It’s worth remembering, particularly with the two scriptures you’ll hear today, that the epistles, the letters, were written much earlier than the gospels. The letters reflect the formation of the early house churches, and point to some of the struggles of the newly formed Christian communities. In this letter, Paul refers to the church at Philippi as his “joy and crown,” -- they are such a source of pride and joy to him that they are like a laurel wreath awarded to an Olympic athlete. He loves this congregation.

Let’s listen for God’s …

Tenant Church

Matthew 21: 33:46
October 8, 2017
First Presbyterian Church, Sterling IL
Christina Berry

This week’s gospel reading finds us again in the gospel of Matthew. Jesus has been verbally contending with the temple leadership, and he has, as is usual with him, been telling stories. The text today is an interesting bit of scripture in that it begins as a parable but becomes a kind of allegory. That is, rather than the usual parable form, that creates an entire world which won’t quite translate into a simple explanation, this story invites us to hear a one-to-one correspondence between the characters and setting of the story and the real world in which Jesus lived. The story begins with a common first century economic arrangement: the tenant farmer.

Unlike the sharecropper of American history following the civil war, the tenant farmer’s relationship with the landowner was somewhat more fair and not an occasion of exploitation. Still, the landowner held all the power, and coul…

Poured Out

Philippians 2:1-13
October 1, 2017
First Presbyterian Church, Sterling IL
Christina Berry

Our scripture reading for today comes from the Apostle Paul’s letter to the church at Philippi. Verses five through eleven are widely regarded as among the earliest and most beautiful Christ hymns. But Paul’s letters were not written with chapters and verses, and today we have the pleasure of hearing that hymn in its intended context.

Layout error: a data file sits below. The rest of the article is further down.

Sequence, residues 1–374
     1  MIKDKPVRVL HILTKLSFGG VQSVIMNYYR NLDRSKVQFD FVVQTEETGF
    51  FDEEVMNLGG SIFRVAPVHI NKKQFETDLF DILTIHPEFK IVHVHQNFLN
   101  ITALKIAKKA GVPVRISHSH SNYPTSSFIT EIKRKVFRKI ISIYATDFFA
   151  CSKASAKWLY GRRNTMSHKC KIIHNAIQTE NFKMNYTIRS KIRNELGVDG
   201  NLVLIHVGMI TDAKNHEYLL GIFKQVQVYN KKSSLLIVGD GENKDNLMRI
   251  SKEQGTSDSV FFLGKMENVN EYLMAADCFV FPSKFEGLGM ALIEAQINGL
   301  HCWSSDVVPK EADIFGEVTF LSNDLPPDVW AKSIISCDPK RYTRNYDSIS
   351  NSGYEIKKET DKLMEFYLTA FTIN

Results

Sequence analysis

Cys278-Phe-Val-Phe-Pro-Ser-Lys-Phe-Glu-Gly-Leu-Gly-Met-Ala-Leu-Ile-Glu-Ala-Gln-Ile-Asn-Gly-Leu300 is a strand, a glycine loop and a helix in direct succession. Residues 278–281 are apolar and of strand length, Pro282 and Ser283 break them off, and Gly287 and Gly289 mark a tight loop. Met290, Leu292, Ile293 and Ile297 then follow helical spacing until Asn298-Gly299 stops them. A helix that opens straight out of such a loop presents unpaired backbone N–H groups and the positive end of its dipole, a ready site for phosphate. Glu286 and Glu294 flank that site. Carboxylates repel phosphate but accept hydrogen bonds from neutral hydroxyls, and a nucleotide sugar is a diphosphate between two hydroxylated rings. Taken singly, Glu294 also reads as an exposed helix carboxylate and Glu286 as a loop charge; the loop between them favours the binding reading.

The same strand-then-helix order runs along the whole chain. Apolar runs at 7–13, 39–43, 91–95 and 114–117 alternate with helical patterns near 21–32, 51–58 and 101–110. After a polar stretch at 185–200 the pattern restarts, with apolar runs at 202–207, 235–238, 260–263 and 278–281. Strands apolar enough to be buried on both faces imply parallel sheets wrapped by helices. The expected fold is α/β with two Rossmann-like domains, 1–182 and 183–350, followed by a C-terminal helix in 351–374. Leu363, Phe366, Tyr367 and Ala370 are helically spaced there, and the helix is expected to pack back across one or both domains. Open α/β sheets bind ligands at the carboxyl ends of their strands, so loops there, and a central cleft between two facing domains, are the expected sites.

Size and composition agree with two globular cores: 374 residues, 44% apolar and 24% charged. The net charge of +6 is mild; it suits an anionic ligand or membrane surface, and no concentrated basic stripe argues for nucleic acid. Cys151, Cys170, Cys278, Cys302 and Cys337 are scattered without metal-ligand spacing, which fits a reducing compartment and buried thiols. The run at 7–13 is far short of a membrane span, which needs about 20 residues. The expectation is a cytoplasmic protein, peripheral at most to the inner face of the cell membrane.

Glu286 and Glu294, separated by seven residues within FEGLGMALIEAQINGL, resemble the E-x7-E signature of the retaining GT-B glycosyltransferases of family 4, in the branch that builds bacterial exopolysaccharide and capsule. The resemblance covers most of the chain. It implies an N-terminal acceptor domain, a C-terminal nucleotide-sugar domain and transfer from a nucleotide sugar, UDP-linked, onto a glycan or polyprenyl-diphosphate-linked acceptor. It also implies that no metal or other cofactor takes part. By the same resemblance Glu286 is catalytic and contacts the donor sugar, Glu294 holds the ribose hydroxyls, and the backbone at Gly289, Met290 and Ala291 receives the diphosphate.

In the first chapter, Paul has commended the Christ-followers at Philippi, with those words familiar to many of us: “I thank my God every time I remember you,” and then he goes on to remind them of the importance of the way they live together in community, saying: “live your life in a manner worthy of the gospel of Christ.”

In this section, he continues his loving words to them, appealing to both their connection through Christ – the sense of community – and their life in Christ – the practice of humility.

It’s worthwhile to remember as you hear these words that Paul uses…

Job Insecurity

Matthew 20:1-16
September 24, 2017
First Presbyterian Church, Sterling, IL
Christina Berry

Clarence Jordan of Koinonia Farms wrote: “When Jesus delivered his parables, he lit a stick of dynamite, covered it with a story about everyday life, and then left it with his audience. By the time his hearers fully unwrapped the parable, Jesus and his disciples were long gone.”[1] And man, oh, man, was Clarence right! Last week we heard a story Jesus told about forgiveness. This week, we hear a story that he told about some workers in a vineyard. Or at least, the story seems to be about some workers in a vineyard. Let’s listen for God’s word to us in Matthew 20:1-16.

"For the kingdom of heaven is like a landowner who went out early in the morning to hire laborers for his vineyard. After agreeing with the laborers for the usual daily wage, he sent them into his vineyard.
When he went out about nine o'clock, he saw others standing idle in the marketplace; and he said to them, 'You also go…

Mercy Multiplied

Matthew 18:21-35
September 17, 2017
First Presbyterian Church, Sterling IL
Christina Berry


Jesus has been trying to get it through the disciples’ heads: he is not going to be what they expect. This chapter begins with an argument between Jesus’ closest friends about who is more important. Jesus answers their question by placing a child among them and saying, “Be like this, like this child.” Then he warns them that anyone who misleads a child would be better off dead. THEN he tells them how to settle conflict in the community, a tidy three-step process that, if it is unsuccessful, ends in exiling the offender. But the very next line is Peter asking Jesus how often he should forgive. Jesus seems to be giving a straight answer first, but follows with a parable that is rich in hyperbole, in exaggeration, and in imagery. Let’s listen for God’s word to us in Matthew 18:21-35:


Then Peter came and said to him, "Lord, if another member of the church sins against me, how often should I forgiv…